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Seven Gentle Ways to Get Baby Sleeping Through the Night

Susana is a Mom to three girls and has worked extensively with parents and children under 5.


Help! My Baby Can't Sleep!

Updated for 2018

It's usually a few weeks after bringing our special little bundle home from the hospital that we start thinking about how to get our baby sleeping longer and more peacefully—and in time, through the night.

By this point everyone's exhausted and the need for sleep becomes essential, yet often elusive.

"How on earth do we get our baby sleeping?" parents cry.

"My baby just can't sleep!" we say through our red and bleary tired eyes.

Well, take a deep breath and relax. We're going to get your baby sleeping through the night without resorting to techniques such as cry it out or controlled crying.

To begin helping your baby to sleep better it's essential to get a really good understanding of the things that both help and hinder restful sleep for your baby.

This is covered in the top baby sleep tips that you'll find throughout this article. If you follow these tips you will set your infant up for good sleep habits throughout infancy and into childhood.

Top Tip # 1 - Understand Baby Sleep Patterns & Avoid Over Tiredness

The following baby sleep tip is important to take on board because over-tired babies find it very hard to sleep.

It may look like your baby can't sleep but it's usually down to over-tiredness.

Babies can only stay awake happily for short periods of time.

A young newborn (up to six weeks old) may only be able to stay awake contentedly for 20 - 30 minutes, so if you've fed and changed your baby you can expect them to be ready for sleep within half an hour.

As your baby gets older this awake time will increase, but even at three months old they can normally only stay awake for an hour or so.

Knowing this about baby sleep patterns will really help you know what your baby needs when they start getting a little irritable.

They don't need to be played with, they don't need jiggling up and down—more than likely they need to sleep.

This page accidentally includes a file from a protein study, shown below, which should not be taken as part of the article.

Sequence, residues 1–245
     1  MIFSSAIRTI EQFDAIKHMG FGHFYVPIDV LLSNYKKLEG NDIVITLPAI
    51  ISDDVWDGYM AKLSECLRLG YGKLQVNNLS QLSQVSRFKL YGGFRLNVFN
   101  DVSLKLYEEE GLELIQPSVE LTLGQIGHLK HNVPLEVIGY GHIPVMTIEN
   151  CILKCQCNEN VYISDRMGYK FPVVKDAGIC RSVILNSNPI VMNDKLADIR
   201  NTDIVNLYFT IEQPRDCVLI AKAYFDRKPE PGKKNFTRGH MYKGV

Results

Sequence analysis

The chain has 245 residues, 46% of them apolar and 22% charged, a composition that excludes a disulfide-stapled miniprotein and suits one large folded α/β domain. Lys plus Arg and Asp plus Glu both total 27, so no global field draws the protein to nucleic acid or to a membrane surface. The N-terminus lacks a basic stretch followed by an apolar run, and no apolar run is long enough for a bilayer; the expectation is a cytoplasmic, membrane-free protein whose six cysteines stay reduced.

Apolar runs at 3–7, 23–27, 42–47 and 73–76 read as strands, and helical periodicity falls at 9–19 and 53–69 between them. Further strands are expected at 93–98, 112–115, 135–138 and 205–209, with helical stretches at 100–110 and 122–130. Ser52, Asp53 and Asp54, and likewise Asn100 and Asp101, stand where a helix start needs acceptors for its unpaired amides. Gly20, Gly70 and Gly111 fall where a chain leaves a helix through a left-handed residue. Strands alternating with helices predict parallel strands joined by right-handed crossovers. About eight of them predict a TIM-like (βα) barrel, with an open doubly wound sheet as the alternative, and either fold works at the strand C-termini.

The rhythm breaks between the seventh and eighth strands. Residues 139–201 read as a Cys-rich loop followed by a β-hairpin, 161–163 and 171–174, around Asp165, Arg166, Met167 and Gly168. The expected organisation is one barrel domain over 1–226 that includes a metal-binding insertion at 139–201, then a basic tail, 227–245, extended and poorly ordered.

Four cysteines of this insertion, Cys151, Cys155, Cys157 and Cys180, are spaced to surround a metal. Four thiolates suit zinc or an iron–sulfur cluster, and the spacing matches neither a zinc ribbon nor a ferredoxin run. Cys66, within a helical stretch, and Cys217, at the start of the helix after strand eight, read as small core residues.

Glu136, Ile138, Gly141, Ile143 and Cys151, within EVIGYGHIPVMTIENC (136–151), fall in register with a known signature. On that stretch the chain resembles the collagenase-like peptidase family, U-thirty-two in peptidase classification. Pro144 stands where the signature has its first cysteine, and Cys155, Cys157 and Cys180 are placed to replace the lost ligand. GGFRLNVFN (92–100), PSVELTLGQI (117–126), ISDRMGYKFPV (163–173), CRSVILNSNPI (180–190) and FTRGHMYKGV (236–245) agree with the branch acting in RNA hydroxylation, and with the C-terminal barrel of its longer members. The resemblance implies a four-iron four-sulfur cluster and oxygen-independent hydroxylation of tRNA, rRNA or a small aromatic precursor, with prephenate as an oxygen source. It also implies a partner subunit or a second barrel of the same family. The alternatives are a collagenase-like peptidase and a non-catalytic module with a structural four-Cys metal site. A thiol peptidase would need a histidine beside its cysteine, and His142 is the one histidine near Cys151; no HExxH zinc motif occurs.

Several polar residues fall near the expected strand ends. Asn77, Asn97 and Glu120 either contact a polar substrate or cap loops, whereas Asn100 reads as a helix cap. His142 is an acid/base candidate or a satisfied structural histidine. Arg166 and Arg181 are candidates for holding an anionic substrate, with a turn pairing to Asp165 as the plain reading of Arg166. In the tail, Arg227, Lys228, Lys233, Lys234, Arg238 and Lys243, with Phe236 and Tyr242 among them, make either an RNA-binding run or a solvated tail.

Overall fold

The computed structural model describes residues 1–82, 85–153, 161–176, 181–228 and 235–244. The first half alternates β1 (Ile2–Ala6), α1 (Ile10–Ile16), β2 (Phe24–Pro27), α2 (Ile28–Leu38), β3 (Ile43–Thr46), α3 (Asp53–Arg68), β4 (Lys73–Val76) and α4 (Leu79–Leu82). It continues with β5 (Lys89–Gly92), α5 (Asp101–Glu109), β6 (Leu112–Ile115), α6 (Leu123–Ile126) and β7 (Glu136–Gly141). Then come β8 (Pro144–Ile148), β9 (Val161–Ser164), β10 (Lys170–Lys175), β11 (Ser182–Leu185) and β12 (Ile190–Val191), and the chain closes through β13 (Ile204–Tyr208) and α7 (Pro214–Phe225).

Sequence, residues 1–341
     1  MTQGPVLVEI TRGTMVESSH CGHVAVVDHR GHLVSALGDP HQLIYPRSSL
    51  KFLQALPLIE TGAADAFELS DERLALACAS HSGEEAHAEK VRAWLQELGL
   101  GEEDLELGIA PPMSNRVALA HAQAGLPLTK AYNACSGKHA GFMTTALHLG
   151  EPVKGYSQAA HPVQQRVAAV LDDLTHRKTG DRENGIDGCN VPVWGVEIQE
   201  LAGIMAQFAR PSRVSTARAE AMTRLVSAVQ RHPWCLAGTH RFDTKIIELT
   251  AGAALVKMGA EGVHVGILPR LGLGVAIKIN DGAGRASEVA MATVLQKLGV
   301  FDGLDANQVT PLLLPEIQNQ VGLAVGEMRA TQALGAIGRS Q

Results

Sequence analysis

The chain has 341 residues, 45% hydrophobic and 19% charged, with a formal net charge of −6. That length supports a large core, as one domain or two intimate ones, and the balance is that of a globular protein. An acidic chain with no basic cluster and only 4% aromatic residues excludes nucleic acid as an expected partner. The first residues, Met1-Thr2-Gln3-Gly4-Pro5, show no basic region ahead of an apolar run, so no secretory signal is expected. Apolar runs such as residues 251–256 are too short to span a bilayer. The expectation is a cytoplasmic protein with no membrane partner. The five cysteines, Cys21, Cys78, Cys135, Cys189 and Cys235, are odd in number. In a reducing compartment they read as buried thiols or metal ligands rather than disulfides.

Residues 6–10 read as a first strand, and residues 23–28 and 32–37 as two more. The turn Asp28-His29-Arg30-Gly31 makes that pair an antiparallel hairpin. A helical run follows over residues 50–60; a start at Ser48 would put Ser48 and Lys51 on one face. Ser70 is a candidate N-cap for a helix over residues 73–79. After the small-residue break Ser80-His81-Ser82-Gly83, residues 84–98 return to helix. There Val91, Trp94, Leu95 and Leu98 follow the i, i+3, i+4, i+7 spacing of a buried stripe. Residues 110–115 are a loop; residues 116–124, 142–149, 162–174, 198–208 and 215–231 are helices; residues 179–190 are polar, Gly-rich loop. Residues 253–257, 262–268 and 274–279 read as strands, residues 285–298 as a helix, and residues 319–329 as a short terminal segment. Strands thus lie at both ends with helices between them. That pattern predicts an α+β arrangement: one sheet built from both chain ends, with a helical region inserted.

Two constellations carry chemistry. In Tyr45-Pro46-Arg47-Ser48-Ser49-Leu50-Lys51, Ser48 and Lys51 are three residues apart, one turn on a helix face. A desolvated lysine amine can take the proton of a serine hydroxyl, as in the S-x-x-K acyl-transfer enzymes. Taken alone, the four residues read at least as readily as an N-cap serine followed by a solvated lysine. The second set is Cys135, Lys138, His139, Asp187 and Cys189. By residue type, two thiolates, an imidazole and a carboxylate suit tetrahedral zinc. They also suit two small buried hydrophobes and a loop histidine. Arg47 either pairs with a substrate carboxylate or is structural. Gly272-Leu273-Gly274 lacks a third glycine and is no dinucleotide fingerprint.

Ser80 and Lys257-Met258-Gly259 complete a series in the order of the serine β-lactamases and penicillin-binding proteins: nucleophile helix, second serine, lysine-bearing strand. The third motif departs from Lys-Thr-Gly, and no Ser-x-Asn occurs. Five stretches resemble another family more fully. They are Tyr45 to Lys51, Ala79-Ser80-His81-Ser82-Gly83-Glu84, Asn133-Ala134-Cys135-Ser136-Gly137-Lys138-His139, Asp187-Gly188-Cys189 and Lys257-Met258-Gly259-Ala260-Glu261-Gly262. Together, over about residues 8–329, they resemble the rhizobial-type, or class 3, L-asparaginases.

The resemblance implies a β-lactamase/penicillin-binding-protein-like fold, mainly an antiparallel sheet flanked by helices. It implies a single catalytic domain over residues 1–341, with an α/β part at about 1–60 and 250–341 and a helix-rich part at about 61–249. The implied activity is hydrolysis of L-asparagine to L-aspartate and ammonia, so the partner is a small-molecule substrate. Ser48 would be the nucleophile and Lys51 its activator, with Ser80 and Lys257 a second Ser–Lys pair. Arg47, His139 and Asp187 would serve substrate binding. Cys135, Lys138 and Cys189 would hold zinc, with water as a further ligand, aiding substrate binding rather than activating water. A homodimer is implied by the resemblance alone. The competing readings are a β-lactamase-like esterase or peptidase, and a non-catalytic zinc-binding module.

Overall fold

Once your baby is fed and has had a diaper change, have a little play with them and then start getting them ready for sleep.

This might mean getting them in their swaddle (we'll talk about swaddles later) and taking them somewhere fairly quiet and non-stimulating such as their crib or moses basket in a quiet room.

Catch the very early signs of tiredness in your baby and they will find it a whole lot easier to fall asleep and they will sleep for longer.

Good naps in the day will help ensure a good night's sleep as well because your baby will be far more relaxed.

Another aspect of baby sleep patterns to be aware of is that a sleep cycle takes around 45 minutes.

If your baby doesn't know how to get back to sleep on their own they'll often wake up at this point even though they haven't had enough sleep.

If this does happen, keep them in their crib and just give them a little pat or stroke and help them back to sleep.

Top Tip # 2 - If Baby Can't Sleep Avoid Overstimulation

It's difficult for us as adults to imagine what it must be like for a new baby and how they perceive the world. For them everything is new and everything is stimulating.

Just looking around the room is stimulating!

So many colors, shapes, objects, people, sounds, and each one is something to learn about.

OK, so I get that, but how does that relate to a baby's sleep?

It's this.

When babies get overstimulated they find it hard to settle down to sleep and if they do manage to get to sleep they often wake up within a short while.

So avoiding over stimulation is one of my top tips for helping your baby enjoy peaceful sleep.

When our baby is starting to get a bit irritable, we often reach for a toy to amuse them with or start cooing and playing with them mistaking their tired cues for bored cues.

If we do this, what we end up with is an overstimulated baby who really can't sleep.

Their nervous system is going to be energized rather than relaxed and it's going to take them longer to settle down.

Top Tip # 3 - Babies That Can't Sleep Love to Be Swaddled

Most young babies loved to be swaddled and it makes perfect sense if you think about it. They've just come out of the safe environment of the womb where they were held tightly.

Swaddling can bring back that sense of safely being held, relax babies and help them feel secure.

Swaddling also has the added advantage of preventing babies waking themselves up with their flailing arms and legs.

Young babies have no control over their limbs and so often wake themselves by hitting themselves in the face.

If I could, I'd buy every new Mom a swaddle blanket - they really are a miracle and can drastically improve a babies sleeping instantly.